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    A European Union (L) and Turkish flag fly outside a hotel in Istanbul, Turkey, May 4, 2016.

    No Deal: EU-Turkey Migration Agreement 'Obviously Wouldn't Work'

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    The EU-Turkey agreement on migration was and remains absolutely right, German Chancellor Angela Merkel said Sunday. At the same time, the German leader stressed that she does not see Turkey as a member of the European Union.

    In an interview with Sputnik France, political expert and professor with the University of Marc Bloch in Strasbourg, Samim Akgonul commented on whether Turkey is likely find a strategic alternative to joining the EU.

    "Turkey has been looking for alternative geostrategic partners for a long time. It became closer with Russia, especially after Russia's participation in the resolution of the Syrian conflict. (…) In this sense, Turkey wanted to become a member of the Shanghai bloc, led by Russia and China. However, no other alliances can replace ties with the EU, which is already Turkey's main economic partner. Thus, to establish a closer relationship with someone else would be difficult," Akgonul told Sputnik.

    In March 2016, the European Union and Turkey agreed that Syrian refugees arriving in Greece would be returned to Turkey if their claim for asylum was rejected, while Syrian asylum seekers in Turkey would be resettled in Europe on a one-for-one basis. In return, Ankara received $6.4 billion in financial aid and major concessions on EU membership and travel.

    The agreement was supposed to address the overwhelming influx of migrants and refugees to Europe. However, the deal came under increasing threat due to the souring of relations between Brussels and Ankara.

    "It was obvious from the very beginning that the migration deal [between Turkey and the EU] would not work. Ankara wanted to use the Syrian crisis to pressure the EU to achieve its political goals and financial benefits. And in Europe, in particular — in the West, right and far-right politicians were afraid of refugees. We can say that both sides just sold their souls to sign this agreement. It is very likely that sooner or later it [the deal] will be declared null and void," the expert said.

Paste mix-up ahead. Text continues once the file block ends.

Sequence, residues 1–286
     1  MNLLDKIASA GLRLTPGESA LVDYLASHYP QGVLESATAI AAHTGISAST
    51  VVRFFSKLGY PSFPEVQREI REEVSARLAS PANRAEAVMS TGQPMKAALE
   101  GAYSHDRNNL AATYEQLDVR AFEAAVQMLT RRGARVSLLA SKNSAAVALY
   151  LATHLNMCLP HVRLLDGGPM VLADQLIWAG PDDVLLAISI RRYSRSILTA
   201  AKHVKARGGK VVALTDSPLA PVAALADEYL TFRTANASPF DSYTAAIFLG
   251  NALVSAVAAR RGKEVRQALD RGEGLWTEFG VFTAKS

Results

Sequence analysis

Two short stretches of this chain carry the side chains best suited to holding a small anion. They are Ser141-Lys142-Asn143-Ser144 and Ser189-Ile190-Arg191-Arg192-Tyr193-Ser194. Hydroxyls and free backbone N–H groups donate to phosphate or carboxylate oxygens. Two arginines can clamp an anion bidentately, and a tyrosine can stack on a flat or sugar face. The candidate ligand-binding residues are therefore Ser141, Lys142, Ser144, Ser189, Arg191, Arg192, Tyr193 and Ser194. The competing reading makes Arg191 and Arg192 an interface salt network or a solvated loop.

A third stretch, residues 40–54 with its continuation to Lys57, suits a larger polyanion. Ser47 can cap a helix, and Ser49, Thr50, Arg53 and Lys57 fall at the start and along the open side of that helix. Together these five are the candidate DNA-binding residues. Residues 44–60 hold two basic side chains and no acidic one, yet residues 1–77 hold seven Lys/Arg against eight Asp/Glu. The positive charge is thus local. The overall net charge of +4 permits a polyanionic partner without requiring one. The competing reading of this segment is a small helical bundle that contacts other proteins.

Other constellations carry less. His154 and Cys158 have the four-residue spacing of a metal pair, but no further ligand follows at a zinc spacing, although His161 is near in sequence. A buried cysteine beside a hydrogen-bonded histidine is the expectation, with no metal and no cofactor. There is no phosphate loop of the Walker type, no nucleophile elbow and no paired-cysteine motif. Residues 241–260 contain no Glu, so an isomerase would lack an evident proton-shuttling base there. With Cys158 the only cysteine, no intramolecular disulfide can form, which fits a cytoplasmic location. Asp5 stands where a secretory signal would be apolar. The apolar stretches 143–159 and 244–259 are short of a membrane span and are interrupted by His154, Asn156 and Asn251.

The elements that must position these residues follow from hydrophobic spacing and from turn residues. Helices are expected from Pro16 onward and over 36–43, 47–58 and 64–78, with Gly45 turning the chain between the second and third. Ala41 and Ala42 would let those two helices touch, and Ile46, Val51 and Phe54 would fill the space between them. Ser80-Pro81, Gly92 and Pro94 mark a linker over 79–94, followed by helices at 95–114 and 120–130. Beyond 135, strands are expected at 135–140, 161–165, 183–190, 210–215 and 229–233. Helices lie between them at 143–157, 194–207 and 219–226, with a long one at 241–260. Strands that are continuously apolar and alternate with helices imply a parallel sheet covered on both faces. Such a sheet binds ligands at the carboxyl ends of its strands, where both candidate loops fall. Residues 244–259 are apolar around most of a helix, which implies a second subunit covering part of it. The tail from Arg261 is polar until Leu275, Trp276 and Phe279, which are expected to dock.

Turkey has been striving to become a member of the European Union for decades, however, German Chancellor Angela Merkel said Sunday that she doesn't see Turkey as a part of the bloc. She noted that Berlin cannot stop the talks on Turkey's accession, but it would impose punitive economic measures in response to the recent arrest of German citizens.

    According to Akgonul, Turkey would want Germany and France to openly declare their intention to end the negotiations on Turkey's accession to the European Union.

    "However, from a technical point of view it is not easy to interrupt the talks. This can be seen on Brexit's example — it is difficult to get out of the European Union, as well as stop being a candidate for membership in it. Although, of course, from political point of view, the prospects of Turkey's accession to the EU are extremely tiny," the analyst concluded.

    Earlier, German Chancellor stated that Berlin could put pressure on Ankara in terms of the economy, in particular by issuing a stricter warning to those who wanted to visit the country and by introducing restrictions on loans from the European Central Bank, World Bank, Hermes covers and export credit guarantees issued by the German government.

    Angela Merkel also said that the decision to sign the EU-Turkey migration agreement in 2016 was absolutely correct and the deal is still viable today.

    Related:

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    accession talks, deal, EU membership, migration, EU, Europe, Turkey
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